Welcome to MyDomaine's Second Life podcast, a series spotlighting successful women who've made major career changes—and fearlessly mastered the pivot. Hosted by Hillary Kerr, co-founder and chief innovation officer at MyDomaine's parent company, Clique Brands, each episode will give you a direct line to women who are game changers in their fields. Subscribe to Second Life on iTunes, and stay tuned—we'll be releasing new episodes on Mondays.
Amanda Hesser is responsible for the chic e-commerce and community site Food52, which she launched with co-founder Merrill Stubbs in 2009. Before she struck out on her own, the foodie had a thriving career as an editor for The New York Times and as a cookbook author, both unexpected paths seeing as the entrepreneur studied economics and finance in college. "I had no idea really what I wanted to do, but I knew the sort of lifestyle I wanted," she tells Hillary Kerr on episode 31 of Second Life. Here's how she made the leap from cooking to writing to running her own company.
Food was always important to Hesser and her family, but she admits the idea of pursuing cooking as a career wasn't something that they initially understood. But as soon as she started exploring the idea, there was no turning back. "It felt interesting and right," she says. Her passion led her to Europe to train in an apprenticeship-like setting. While she was learning about baking and cooking, she also felt the itch to begin writing. Suddenly, she was writing a book about seasonal cooking inspired by a gardener she met abroad.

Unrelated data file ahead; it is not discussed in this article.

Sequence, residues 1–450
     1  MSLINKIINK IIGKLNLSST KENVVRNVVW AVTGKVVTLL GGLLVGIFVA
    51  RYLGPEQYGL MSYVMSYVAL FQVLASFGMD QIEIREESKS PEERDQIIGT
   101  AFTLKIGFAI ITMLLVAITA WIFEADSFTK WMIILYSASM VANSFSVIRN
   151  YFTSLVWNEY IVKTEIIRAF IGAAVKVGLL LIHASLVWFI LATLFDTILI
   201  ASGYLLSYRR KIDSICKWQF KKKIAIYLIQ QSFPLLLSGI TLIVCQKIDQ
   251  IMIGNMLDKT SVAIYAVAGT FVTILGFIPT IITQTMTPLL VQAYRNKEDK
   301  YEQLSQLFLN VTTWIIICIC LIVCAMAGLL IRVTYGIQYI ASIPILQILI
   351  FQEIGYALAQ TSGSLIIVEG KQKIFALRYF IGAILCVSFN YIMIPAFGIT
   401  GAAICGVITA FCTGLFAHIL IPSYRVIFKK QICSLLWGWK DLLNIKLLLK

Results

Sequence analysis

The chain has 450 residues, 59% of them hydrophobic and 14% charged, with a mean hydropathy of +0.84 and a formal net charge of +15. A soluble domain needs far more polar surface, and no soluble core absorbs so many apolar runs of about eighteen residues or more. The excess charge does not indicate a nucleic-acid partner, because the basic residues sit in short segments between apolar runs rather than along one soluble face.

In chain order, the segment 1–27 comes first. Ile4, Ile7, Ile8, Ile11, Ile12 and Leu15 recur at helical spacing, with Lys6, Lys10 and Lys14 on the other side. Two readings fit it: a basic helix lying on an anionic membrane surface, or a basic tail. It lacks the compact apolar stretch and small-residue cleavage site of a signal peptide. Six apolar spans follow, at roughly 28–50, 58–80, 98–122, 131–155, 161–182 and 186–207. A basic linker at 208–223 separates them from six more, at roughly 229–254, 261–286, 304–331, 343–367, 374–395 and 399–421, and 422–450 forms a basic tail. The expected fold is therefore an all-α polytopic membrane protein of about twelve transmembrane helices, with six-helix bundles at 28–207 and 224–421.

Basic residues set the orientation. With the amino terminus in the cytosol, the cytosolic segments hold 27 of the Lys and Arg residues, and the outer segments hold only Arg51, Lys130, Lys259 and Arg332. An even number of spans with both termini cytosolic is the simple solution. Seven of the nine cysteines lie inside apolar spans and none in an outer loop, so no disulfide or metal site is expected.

When she returned to America, Hesser started freelance writing, but it was a call from The New York Times that changed everything. With little experience, she packed her bags and moved from Los Angeles to New York before she was even offered the job. "I made a bet that I would get the job and I took all my stuff with me," she recalls. Eleven years and hundreds of stories later, Hesser was ready to pivot again, this time, with a partner.
Hesser and Stubb met while working on a large cookbook project for the Times and both felt there wasn't a space online for foodies interested in more than just recipes. "We decided to set out and create that place on our own," she says.
Though not without its ups and downs, the site launched in 2009 and is now a major destination for food lovers and home cooks everywhere with its own product line on the way. Hesser's advice for other people looking to make a career change? "I think of your career as a narrative and so you want it to be the best narrative it can possibly be," she explains. "The only thing you get by not [taking a risk] is regret."
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